Many of us will soon be thanking God for our ability to check into a hospital. We’ll be counting on the help of courageous, medical front-liners, who put themselves at risk to heal us from COVID-19.
As we approach the reception desk for intake, we won’t give a second thought to signing the CONSENT form that hospitals require. We’ll happily jot down our signature and scribble our initials where required. Some of us won’t even bother reading the form. Even less will contemplate the horrific travesty and social injustice Continue reading What can COVID-19 teach us about CONSENT?→
I was happy to be a part of history this morning, if only to “stand and wait” at the sentencing for Harvey Weinstein. Even the few “public seats” were given to the press. Only a handful of onlookers without press passes were allowed into the crowded courtroom.
The first person who the police cut off had been waiting since 6:10 AM for proceedings that were scheduled to start at 9:30. I’d arrived around 7:20 and was the 9th person on the waiting line. But as the group stood hopefully, even Continue reading Today- Harvey’s Words Revealed It ALL!→
I was honored to be a speaker at this year’s Women’s March NYC, and was overwhelmed by the audience support for the Consent Accountability Rhyme.
Anyone, at any age, can learn and understand what “consent” means. This poem makes the definition for consent crystal clear. It is part of the Your Consent for Kids YouTube cartoon that every parent should watch with their children to grow a Consent Aware generation! As well, sex education classes can include it in their programs. It’s free!
We’ve had Generation X, Y and Z. Let’s create Generation “Consent Aware” for our developing kids!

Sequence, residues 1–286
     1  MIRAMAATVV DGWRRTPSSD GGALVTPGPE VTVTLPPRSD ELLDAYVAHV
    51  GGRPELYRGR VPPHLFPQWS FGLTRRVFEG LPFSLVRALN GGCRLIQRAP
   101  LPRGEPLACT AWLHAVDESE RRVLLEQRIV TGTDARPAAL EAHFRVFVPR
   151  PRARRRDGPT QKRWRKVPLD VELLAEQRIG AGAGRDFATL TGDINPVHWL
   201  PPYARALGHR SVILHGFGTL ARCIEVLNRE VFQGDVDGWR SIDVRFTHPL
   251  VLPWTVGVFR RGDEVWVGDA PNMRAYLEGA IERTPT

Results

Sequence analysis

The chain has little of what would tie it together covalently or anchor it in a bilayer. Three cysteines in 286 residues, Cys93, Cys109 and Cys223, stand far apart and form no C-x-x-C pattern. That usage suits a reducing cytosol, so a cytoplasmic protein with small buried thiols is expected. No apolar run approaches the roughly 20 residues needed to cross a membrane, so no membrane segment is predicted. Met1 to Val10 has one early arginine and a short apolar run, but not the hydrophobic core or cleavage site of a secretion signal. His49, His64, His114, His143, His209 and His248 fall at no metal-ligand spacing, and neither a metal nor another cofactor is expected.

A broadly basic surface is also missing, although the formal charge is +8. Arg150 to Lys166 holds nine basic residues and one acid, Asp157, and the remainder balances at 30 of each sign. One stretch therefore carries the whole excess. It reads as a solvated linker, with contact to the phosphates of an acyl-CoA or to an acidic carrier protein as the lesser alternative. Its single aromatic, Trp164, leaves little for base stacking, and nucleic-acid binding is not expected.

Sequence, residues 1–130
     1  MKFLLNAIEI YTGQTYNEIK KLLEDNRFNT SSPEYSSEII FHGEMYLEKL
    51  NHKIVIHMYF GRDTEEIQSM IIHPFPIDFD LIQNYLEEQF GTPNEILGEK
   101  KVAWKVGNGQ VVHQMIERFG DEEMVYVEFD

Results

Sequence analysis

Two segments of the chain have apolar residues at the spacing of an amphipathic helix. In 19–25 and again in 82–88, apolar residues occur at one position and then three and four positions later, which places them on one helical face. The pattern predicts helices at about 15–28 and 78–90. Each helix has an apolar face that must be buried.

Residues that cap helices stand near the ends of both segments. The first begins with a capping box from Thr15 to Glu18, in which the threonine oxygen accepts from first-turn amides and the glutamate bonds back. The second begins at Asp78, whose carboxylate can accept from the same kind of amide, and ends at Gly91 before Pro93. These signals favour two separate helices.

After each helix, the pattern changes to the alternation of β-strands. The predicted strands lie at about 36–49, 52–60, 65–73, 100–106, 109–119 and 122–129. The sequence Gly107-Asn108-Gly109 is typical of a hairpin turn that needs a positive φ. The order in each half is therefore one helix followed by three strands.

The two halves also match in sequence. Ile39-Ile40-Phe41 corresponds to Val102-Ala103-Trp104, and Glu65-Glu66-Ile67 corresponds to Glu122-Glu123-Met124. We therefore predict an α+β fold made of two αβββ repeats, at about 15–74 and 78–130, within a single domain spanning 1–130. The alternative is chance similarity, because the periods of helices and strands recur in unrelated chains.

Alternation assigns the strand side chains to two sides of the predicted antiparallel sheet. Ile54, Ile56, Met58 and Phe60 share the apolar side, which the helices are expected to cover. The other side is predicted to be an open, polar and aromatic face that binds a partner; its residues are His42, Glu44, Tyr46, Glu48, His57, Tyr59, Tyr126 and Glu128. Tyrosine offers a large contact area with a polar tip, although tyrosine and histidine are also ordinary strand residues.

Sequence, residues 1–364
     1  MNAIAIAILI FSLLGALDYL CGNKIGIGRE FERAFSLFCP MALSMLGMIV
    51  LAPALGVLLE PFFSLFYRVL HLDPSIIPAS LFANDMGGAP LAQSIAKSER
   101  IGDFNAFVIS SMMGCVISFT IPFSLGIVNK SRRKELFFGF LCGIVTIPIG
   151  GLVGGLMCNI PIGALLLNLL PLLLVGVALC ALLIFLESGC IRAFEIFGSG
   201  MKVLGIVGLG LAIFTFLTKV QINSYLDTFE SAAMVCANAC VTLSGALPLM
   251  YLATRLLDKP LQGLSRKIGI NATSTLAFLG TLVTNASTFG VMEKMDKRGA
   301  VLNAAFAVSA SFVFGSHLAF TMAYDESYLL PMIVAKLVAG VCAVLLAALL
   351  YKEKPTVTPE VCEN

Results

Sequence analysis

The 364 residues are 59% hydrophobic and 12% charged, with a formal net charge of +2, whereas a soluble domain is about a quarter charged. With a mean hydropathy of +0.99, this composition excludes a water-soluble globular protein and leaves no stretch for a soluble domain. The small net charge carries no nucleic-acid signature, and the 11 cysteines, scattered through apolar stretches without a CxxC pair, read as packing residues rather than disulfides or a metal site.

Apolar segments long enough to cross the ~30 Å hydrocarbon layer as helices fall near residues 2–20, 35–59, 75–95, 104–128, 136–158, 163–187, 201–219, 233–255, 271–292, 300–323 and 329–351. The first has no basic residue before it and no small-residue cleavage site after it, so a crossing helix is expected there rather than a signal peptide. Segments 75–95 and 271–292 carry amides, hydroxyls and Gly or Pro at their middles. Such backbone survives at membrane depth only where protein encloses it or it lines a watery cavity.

Consent Accountability Rhyme
The words, “You Can,” mean “I consent.”
You say so with your voice.
But it’s not consent when you’re forced, or tricked,
It’s little wonder that Alaska State Representative Geran Tarr is focused on defining CONSENT for her state’s Penal Code. Alaska has the highest ratio of rape from coast to coast; close to 3 times the national average!
Codifying CONSENT into law is the critical key to conquering sexual assault! Yet no US state or territory actually defines the noun, CONSENT in its laws. How can we know what the verb “to consent” means without knowing what the noun, “consent,” actually means?
September 18, NY- Flanked by a jubilant Mira Sorvino and Julianne Moore of #TimesUp, NY Governor Andrew Cuomo signed extensions to the statute of limitations for reporting rape crimes throughout NY State. First degree rape victims have no statute of limitations. Second and third degree rape victims will have 20 and 10 years respectively.
Mira Sorvino made a heartfelt statement thanking the Governor but overlooking the most obvious and transformative change that’s still needed to actually conquer sexual assault….. enacting the correct definition for #Consent into the laws of New York: “Freely Given, Knowledgeable and Informed Agreement, #FGKIA!” Continue reading Cuomo & #TimesUp Extend Limitations on Rape Cases→
Per today’s NY Times article…It was unusually thoughtful for the judge to give Epstein’s victims the opportunity to voice their truth, however, doing so is nothing like the opportunity to face the horrible man who defiled them. But at least, they were able to publicly voice their pain.